Our second tour was a bus and boat trip to visit Doubtful Fiord and a power plant. Both Louise and I will never pass up a chance to tour a power plant. Combine that with the fiord tour and we were all in. So much so that I packed all my optic equipment for photography and bird watching and then walked out of the campervan without my camera! We were on our way on the tour bus before I realized I didn’t have the camera so there was nothing to be done. I have not a single picture from the trip. I was bummed but determined to make the best of the trip. We did buy the DVD the tour company offered so I’ll have some video memories. The bus took us about 20 minutes south to Manapouri where we board a boat to take us across Lake Manapouri. Reaching the western shore of the lake we board another bus which took us over the mountains and then down to the shore of Doubtful Fiord. The fiord was named by Lieutenant Cook, the explorer. Later he would be Captain Cook but on this voyage he was a lieutenant. He didn’t think he could safely enter the fiord with his ship and noted on his map that this was a doubtful harbor. The name stuck and it is now known as Doubtful Fiord. A fiord is a glacial feature. Glaciers scoop out deep steep sided valleys. The ice doesn’t bend easily so the valleys tend to be very straight with only slight curves, not at all like stream valleys. Those who have visited Glacier National Park in the US know what a glacial valley looks like. Going to the Sun Road takes you up into the mountains in one glacial valley, over the pass and then down the other side in another glacial valley. There are numerous small side valleys known as hanging valleys because they come to an abrupt end at a cliff, usually with a waterfall, where they meet the main valley. Now imagine Glacier National Park flooded so the main valley is almost full of water. That is a fiord. They are deep and steep sided. In this case, there were large glaciers that combined to make the main glacier and there are several arms that come off the fiord. It is rugged and quite beautiful. It rained lightly during our tour and there was a brisk cool north wind which only added to the atmosphere. We still were able to see the mountain tops and the scenery but it kept us indoors more than we usually would be. We enjoyed the views of the mountains, islands in the fiord and the view up into the side fiords. As we approached the mouth of the fiord the calm waters became more active. We entered the Tasman Sea just briefly as the waves began to toss the ship around. Retreating back into the fiord we toured several of the arms. At one point all engines on the boat were shut down including the generator. For about five minutes we were completely silent. People were asked not to take pictures if their camera made noise and also asked not to walk around the ship. Complete silence was observed and it was wonderful. We could hear the birds, waves on the shore and wind in the trees. This land is truly remote and wild. Much of it is dedicated to bringing back some of the almost extinct native birds in New Zealand. Islands provide controlled areas where predators can be eliminated and birds can reproduce naturally without the introduced competition and predation that has almost eliminated them. Returning to the land between the fiord and Lake Manapouri we took the bus back to the lake. Before reaching the lake we stopped at the Manapouri Hydroelectric Power Plant. This engineering feat was built in 1972. More than 6 miles of tunnels were dug to connect Lake Manapouri with Doubtful Fiord. The resulting 600 foot drop provides plenty of energy to turn turbines to generate electrical power. The power plant is at the base of this 600 feet, deep in the rocks below Lake Manapouri. Eighty five percent of the power generated is used by an aluminum smelter on the southern shore of the South Island. Aluminum smelting is a very high energy process and wherever it is done, a great source of energy is needed. This is one of my motivations for being a real diligent aluminum recycler. Recycling aluminum requires only one tenth of the power that it takes to turn bauxite into aluminum. Other metals also recycle with less energy than the original purification but aluminum by far produces the greatest energy savings. The bus driver took us down a mile and half tunnel to the power plant, turned the bus around and brought us back out. This in itself was quite a feat, something that driving a motor home really gives one an appreciation that others might not have. Despite this, she received a nice round of applause after completing the turn-around using a very tiny alcove in the tunnel. Returning to Te Anau, Louise and I needed to pick up a few groceries and a few other supplies. We walked from the park into town, a matter of three or four blocks. There is an Italian Pizza Ristorante in Te Anau so we stopped for a pizza cooked in a wood fired oven. We’ve been eating most meals in the campervan and this was a well-deserved break for Louise. We had a great pizza with a glass of New Zealand beer.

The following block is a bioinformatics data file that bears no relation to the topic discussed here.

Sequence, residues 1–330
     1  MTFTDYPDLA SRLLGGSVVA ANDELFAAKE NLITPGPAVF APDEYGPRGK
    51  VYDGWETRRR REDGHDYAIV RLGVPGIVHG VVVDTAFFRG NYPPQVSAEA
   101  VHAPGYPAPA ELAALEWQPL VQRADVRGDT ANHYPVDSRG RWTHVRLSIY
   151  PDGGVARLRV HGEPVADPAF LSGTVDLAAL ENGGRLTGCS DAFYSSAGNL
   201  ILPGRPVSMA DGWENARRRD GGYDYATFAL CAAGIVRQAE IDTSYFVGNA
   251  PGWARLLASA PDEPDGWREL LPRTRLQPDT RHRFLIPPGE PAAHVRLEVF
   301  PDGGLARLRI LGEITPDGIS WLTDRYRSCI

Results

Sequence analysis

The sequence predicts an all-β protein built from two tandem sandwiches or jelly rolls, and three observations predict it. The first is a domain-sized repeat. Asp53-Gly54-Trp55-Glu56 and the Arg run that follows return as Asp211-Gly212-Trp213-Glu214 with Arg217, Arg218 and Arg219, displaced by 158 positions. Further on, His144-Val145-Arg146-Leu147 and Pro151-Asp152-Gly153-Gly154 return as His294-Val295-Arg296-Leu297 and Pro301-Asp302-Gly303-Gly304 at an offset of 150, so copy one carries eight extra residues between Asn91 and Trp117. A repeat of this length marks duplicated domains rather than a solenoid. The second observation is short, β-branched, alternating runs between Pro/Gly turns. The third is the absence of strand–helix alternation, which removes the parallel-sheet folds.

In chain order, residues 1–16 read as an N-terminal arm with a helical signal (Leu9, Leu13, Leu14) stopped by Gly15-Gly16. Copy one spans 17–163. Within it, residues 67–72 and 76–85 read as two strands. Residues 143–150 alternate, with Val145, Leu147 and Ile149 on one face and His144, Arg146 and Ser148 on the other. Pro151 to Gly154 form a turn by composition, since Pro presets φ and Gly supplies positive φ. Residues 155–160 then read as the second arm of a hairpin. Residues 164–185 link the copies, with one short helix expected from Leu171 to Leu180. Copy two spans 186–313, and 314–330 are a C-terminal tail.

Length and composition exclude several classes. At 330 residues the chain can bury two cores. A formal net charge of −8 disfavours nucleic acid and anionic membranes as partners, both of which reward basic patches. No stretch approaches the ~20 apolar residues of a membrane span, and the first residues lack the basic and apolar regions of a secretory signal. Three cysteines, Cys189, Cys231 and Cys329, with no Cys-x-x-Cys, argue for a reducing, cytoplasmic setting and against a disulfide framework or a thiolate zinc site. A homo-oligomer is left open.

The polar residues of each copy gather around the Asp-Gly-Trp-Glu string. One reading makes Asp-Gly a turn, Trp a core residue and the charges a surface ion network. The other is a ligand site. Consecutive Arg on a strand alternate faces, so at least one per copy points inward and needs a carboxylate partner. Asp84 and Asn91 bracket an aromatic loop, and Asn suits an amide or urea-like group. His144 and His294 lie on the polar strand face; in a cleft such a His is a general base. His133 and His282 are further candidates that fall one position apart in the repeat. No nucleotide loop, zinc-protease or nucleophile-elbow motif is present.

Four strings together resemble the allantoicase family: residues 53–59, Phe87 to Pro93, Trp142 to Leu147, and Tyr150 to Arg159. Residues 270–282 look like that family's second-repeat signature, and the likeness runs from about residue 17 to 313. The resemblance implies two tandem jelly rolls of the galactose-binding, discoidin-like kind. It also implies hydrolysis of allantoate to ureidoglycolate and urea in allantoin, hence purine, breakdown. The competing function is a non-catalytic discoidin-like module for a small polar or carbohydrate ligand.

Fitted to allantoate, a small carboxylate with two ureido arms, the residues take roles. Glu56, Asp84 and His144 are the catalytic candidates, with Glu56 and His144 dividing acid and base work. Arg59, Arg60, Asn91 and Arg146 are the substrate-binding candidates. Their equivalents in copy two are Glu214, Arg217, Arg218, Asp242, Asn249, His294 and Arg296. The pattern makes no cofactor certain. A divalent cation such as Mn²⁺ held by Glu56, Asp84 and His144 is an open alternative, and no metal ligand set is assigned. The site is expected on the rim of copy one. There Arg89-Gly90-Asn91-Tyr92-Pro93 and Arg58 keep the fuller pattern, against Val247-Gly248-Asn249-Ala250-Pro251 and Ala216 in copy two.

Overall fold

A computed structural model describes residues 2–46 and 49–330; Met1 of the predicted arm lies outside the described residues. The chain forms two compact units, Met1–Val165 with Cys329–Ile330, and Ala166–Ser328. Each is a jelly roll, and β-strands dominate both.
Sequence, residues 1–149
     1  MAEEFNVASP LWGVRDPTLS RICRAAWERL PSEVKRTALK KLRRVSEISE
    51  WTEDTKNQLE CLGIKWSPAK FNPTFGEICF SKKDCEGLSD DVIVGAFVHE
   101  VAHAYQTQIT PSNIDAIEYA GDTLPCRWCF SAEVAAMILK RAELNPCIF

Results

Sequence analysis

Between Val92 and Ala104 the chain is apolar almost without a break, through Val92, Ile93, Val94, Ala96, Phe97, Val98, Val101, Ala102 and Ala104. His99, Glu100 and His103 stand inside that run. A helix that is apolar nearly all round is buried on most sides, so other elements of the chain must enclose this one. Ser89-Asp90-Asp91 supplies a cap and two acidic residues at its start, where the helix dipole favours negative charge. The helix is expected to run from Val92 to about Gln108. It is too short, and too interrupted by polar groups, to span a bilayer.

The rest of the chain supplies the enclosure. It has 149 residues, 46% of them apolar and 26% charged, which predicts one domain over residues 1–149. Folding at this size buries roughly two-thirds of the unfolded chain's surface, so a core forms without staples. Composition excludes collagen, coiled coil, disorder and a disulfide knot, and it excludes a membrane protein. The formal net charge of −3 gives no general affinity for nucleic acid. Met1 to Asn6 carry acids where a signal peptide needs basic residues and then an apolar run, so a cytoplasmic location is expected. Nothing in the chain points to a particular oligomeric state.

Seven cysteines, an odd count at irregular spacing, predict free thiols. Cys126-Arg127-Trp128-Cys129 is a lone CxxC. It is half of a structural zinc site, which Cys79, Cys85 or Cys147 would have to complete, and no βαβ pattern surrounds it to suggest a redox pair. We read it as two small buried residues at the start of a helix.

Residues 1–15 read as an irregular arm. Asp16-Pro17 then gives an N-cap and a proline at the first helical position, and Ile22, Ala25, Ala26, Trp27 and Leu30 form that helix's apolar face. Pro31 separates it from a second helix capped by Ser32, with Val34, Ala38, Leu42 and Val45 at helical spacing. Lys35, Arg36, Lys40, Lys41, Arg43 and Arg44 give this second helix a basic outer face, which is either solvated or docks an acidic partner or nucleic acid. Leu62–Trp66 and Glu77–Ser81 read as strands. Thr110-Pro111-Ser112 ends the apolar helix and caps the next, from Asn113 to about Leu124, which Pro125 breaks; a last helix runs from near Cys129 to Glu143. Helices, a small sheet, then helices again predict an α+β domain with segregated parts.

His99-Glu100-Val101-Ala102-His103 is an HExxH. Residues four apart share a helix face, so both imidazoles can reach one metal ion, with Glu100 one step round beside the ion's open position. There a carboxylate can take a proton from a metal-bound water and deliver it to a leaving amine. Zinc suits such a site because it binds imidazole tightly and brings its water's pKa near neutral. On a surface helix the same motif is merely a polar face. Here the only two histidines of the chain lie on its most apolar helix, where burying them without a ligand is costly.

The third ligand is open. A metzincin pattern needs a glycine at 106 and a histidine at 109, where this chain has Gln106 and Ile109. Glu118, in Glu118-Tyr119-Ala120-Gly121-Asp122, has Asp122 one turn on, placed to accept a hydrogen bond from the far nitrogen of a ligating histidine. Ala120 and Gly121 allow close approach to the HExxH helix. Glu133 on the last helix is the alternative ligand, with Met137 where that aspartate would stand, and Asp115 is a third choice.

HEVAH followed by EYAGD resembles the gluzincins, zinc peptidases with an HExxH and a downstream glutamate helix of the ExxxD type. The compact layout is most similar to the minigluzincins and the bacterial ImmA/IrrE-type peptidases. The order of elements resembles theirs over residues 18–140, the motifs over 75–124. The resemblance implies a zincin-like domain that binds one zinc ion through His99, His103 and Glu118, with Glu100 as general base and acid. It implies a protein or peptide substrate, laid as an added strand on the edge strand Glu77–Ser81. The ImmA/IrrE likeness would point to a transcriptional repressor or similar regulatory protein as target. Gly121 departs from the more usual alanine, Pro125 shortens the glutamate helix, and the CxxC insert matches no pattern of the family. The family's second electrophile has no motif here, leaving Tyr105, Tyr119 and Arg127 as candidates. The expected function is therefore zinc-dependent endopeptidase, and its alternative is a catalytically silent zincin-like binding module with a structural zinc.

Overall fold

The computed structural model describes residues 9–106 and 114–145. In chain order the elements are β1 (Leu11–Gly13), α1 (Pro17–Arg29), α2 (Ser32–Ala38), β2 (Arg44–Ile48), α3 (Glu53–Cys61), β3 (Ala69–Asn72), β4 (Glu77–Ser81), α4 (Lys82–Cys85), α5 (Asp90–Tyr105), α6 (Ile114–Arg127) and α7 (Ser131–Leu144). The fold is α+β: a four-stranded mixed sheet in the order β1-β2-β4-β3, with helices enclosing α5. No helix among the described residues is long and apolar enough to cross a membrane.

To "celebrate" my retirement this summer, my husband and I plan to visit NW National Parks. Although we live in Florida, we would start out of Denver, CO after visiting family. A few questions: 1) Which route would you suggest is best to visit all these parks? We will have the time! 2) How many days would you stay/visit/need at each park? 3) Would September and October be good months to go? (Less crowded?)(Too cold?) 4) We have a 27' RV and will be towing a Hyundai Elantra. On campgrounds: 1) First choice: to use the senior discounts at Nat'l campgrounds, 2nd. State parks' CG's, 3d. whatever is available and reasonably priced. 2) I've read most are dry cg's, with drinking water. Can one "hook up" to the drinking water to fill the RV tank for a few minutes? Any other advice? Thanks!